Internet Marketing Weekly News Update #110 August 24, 2011

Survey shows how marketers use feedback from social media.
Social media monitoring has become an essential part of a modern communications approach, and a new survey by RSW/US and Web Liquid shows how executives are using the information that comes from this effort. 28% use it to influence their communication strategy, followed by 19% who use it to prompt customer service enhancements, 15% who use it to inform media planning, and 13% who say it affects their organic search optimization.

Online coupons show results in influencing consumer behavior.
With a 16.9% redemption rate, Internet coupons printed at home are catching up with traditional circular coupons, which have a 22.6% redemption rate. Perhaps even better, 46% of people who redeemed digital coupons were previously not buyers of the product, vs. only 34% for traditional Sunday print coupons.

Researchers find Microsoft tracking browsing history even after cookies have been cleared.
Researchers at Stanford University have identified what is being called a "supercookie": a tracking device that could restore cookies that the user had previously cleared. While Microsoft claims to have now disabled the function, it was evasive about its purpose, when it was taken down, or how easily it could be reinstated.

Google is testing a new format to take the pages out of search results.
Google has been observed to be testing a new format for displaying search results which would present those results in a continuous scroll, rather than breaking them into pages. While this could theoretically reduce the benefit of having first-page results, as a practical matter there is still a set of highest-priority results which are presented on the first screen the user sees.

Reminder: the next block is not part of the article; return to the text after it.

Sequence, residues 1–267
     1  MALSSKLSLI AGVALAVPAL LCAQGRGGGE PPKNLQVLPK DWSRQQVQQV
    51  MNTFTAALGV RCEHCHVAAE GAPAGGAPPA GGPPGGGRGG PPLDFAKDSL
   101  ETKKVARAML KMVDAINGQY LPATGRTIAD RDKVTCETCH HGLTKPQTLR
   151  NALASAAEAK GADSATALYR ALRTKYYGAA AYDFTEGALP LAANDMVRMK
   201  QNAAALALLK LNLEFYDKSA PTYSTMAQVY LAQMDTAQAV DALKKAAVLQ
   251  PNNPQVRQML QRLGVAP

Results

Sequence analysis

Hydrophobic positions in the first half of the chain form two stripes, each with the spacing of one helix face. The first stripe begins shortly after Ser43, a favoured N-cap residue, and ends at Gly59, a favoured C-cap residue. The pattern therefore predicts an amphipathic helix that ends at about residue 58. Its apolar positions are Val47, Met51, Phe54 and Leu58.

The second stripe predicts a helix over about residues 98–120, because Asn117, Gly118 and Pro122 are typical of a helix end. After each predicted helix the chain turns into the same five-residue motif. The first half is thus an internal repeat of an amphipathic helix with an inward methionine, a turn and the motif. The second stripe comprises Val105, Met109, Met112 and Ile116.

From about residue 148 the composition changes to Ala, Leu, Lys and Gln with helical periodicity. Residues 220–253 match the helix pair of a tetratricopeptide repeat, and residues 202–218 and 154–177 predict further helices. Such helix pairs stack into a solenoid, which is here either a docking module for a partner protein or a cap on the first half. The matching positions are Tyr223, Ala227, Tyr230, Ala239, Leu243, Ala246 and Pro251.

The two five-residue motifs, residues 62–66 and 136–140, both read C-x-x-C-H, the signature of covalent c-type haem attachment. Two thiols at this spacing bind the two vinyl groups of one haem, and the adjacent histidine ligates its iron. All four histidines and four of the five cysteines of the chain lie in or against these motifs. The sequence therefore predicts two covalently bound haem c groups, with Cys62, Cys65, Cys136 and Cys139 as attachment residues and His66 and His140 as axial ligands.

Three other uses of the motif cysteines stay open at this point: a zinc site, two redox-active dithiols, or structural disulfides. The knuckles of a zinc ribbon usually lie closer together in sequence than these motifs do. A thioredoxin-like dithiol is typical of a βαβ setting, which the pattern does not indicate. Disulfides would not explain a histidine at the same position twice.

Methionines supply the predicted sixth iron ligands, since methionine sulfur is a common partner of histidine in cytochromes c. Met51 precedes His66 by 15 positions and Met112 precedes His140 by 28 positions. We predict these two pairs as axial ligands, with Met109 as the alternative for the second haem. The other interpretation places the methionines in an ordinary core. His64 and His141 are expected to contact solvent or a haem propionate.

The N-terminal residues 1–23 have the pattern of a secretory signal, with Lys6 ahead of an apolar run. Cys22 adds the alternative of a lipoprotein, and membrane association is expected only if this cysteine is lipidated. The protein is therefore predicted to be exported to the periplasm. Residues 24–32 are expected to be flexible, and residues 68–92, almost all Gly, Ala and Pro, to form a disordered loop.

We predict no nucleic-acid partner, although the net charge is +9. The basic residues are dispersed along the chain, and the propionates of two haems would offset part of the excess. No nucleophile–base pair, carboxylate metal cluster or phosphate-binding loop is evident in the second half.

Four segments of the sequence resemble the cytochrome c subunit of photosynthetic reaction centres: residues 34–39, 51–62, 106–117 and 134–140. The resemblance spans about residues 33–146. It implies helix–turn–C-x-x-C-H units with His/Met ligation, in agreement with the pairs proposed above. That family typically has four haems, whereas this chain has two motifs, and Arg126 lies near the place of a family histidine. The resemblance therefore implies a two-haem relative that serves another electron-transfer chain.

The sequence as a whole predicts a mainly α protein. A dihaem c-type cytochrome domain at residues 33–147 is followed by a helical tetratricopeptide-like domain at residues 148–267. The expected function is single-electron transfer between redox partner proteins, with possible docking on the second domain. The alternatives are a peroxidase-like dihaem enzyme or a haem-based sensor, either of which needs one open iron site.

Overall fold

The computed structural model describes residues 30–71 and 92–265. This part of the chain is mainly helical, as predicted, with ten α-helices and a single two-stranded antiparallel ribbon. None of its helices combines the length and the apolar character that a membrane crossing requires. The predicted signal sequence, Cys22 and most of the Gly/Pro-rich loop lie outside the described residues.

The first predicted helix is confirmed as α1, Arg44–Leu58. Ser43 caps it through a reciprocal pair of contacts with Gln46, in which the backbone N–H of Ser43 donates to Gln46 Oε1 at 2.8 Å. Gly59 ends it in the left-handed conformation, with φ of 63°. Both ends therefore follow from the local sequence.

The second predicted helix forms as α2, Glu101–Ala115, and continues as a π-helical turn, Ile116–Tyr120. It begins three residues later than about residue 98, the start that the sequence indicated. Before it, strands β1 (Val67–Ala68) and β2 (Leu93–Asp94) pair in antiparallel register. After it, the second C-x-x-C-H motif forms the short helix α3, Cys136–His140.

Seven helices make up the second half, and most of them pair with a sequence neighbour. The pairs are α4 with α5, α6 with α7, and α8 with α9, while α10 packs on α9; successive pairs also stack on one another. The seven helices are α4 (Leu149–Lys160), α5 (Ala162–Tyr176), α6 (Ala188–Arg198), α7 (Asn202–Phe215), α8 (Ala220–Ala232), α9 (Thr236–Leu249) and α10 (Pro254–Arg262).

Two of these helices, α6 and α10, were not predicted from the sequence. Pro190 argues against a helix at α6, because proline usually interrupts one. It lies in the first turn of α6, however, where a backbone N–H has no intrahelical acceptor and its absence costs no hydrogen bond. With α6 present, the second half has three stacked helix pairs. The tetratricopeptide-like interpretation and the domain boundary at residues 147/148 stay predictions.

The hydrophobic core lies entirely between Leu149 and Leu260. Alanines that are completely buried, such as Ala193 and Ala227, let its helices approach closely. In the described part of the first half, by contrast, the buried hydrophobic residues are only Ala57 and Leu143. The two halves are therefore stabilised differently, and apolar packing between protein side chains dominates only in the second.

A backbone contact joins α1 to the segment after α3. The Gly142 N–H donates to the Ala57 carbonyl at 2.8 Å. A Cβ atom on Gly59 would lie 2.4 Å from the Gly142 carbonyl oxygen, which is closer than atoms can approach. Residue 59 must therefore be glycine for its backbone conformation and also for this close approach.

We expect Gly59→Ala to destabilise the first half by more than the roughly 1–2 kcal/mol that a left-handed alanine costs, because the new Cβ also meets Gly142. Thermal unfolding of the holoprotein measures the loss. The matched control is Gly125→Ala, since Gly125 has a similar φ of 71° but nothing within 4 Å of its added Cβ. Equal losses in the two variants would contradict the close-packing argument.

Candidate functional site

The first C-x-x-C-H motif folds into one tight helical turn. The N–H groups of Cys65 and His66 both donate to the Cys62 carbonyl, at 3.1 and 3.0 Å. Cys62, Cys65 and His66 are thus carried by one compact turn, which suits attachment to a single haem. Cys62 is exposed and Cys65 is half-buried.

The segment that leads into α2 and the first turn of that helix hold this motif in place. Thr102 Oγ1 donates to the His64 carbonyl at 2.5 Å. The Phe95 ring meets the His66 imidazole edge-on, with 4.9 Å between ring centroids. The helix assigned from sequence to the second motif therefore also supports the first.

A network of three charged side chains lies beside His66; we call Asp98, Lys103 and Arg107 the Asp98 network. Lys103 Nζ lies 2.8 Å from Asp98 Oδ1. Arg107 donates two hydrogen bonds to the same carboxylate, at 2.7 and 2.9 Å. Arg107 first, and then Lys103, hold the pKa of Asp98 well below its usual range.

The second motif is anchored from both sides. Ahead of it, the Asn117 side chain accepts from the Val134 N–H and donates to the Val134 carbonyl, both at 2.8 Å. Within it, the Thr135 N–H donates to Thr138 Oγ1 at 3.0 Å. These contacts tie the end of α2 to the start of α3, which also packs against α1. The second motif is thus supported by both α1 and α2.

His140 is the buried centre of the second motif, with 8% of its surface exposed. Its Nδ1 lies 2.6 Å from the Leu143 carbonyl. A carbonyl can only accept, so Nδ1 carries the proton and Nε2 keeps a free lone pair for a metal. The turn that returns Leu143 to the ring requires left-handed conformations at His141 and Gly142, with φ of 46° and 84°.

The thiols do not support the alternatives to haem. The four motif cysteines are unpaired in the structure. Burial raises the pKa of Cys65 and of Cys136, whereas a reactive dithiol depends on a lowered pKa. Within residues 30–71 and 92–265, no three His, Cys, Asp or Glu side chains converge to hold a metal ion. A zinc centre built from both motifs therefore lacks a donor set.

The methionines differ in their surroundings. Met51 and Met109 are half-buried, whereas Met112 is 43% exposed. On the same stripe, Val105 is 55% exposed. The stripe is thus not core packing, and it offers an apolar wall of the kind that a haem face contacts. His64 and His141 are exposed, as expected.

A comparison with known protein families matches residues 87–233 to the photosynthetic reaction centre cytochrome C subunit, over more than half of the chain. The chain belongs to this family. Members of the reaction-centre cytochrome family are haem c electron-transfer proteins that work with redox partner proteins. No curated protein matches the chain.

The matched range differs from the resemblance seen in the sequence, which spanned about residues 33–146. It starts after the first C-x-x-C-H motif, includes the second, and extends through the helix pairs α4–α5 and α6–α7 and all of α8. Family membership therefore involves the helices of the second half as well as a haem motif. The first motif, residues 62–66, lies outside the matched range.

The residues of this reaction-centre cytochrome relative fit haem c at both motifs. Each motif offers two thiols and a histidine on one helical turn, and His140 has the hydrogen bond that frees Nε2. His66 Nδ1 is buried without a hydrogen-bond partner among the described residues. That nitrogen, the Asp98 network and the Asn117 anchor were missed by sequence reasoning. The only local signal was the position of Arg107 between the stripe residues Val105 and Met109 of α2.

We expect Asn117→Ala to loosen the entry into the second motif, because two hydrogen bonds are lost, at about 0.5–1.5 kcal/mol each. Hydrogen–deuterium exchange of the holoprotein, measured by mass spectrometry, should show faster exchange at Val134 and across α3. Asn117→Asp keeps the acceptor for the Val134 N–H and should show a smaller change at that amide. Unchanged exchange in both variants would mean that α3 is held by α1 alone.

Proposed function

Search Engine Land

Facebook continues to grow, but Google is still number one in the US.
A slight decline in its number of unique visitors in February of this year had some wondering if Facebook's popularity had peaked, but it has since reeled off five straight months of US audience growth. According to comScore, this puts Facebook at number four in the US with 162 million unique visitors in July, trailing number one Google at 182 million. Yahoo! and Microsoft sites hold the numbers two and three positions, respectively.

The device market may be reaching a tipping point from PCs to tablets.
A slowing market for PCs and an accelerating market for tablets may be marking a permanent transition in personal computing choices. Computer manufacturers will ship only 4% more PCs this year than last, while tablet sales are expected to double. However, it remains to be seen whether this is an industry-wide transition, as Apple has both defined and dominated the tablet market, currently selling more than two-thirds of all such devices.
The New York Times

Pay-for-praise schemes threaten the credibility of user feedback.
User feedback on products and services is an important part of the interaction between commerce and social media, but increasingly schemes in which reviewers are paid to write positive comments are diluting the value of user input. A team of researchers has experimented with an algorithm which it says can distinguish fake from genuine user comments 90% of the time.
The New York Times

The right to withdraw data is a key privacy distinction between Europe and the US.
In Europe, customers have the right to withdraw all information that has been collected about them when they opt out of programs like frequent flier miles, but in the US consumers do not currently have a similar right.
The New York Times

New media turns to old-school promotion.
Information technology companies have been increasingly employing a surprisingly low-tech promotional channel of late--radio ads. Marketers have found that the steep drop in the price of radio ads--ironically, due largely to online competition--have made radio a cost-effective alternative for certain types of promotions.
The New York Times

Economic concerns lead to first-ever drop in mobile device shipments for Western Europe.
With consumers troubled by economic developments in Europe, they have lengthened the replacement cycles for their mobile devices, resulting in a quarterly decline in shipments of the devices to the region. This is the first time this has ever happened, according to Gartner, which still expects 12% worldwide growth in mobile devices this year.
The New York Times

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